In the image above, you can see how this (fused) spread collar rolls in a nice ‘S’ shape from the neck down under the jacket. That shape makes it much less likely to collapse.



Other collars

As mentioned at the start, I think a lot of collar styles look rather antiquated today. They tend to become fashionable with the help of a TV series (Mad Men, Boardwalk Empire, Peaky Blinders) but never stop appearing ‘period’ to most people. 

In this category I would place the small, rounded ‘club’ collar, and any that use something to fasten the two side of the collar together – whether tab, pin or bar. They also largely only work with a tie. 

Personally, I also dislike ‘hidden’ button downs, where the collar buttons to the body of the shirt, but by virtue of a button hidden under its point.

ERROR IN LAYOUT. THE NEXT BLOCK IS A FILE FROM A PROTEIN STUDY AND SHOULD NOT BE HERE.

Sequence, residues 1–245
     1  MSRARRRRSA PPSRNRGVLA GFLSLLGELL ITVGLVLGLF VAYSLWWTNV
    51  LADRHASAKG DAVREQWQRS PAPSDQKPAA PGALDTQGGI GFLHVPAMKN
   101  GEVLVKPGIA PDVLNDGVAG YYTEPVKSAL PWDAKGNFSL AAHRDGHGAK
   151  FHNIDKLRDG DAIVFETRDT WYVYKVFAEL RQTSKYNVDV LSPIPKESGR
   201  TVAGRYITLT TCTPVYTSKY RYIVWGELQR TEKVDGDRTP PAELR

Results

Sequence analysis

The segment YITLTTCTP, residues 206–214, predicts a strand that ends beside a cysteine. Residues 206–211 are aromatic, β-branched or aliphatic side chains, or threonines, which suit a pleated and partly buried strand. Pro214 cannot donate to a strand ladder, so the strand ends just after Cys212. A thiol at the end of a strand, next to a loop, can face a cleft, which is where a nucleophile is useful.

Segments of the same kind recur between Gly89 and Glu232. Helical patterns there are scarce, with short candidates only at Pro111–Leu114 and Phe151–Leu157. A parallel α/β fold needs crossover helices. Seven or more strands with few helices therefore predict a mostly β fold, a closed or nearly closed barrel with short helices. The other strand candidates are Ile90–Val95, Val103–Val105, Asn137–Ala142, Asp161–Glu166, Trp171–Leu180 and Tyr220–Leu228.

This style seems a little fussy to me (always a danger in sartorial menswear) and there’s always a point when you’re talking to someone wearing one, and you notice the fastening because the collar moves unnaturally. 



The camp or Cuban collar (above) has become more fashionable recently, and I think has a more permanent place in the wardrobe, by virtue of being so casual.

The key here is to remember the points about height: a camp collar has no structure, and is often cut quite low. Those with a longer neck should seek out ones that are cut higher on the neck, to allow for the lack of collar stand. 



And another recent trend is the one-piece collar (above), where the inside of the placket and the top collar are cut from one piece, so there is no visible seam.

The collar is of course made in more than one piece, and there is a seam for the underside of the collar, separating it from the body. But the outside has a lovely, natural-looking roll.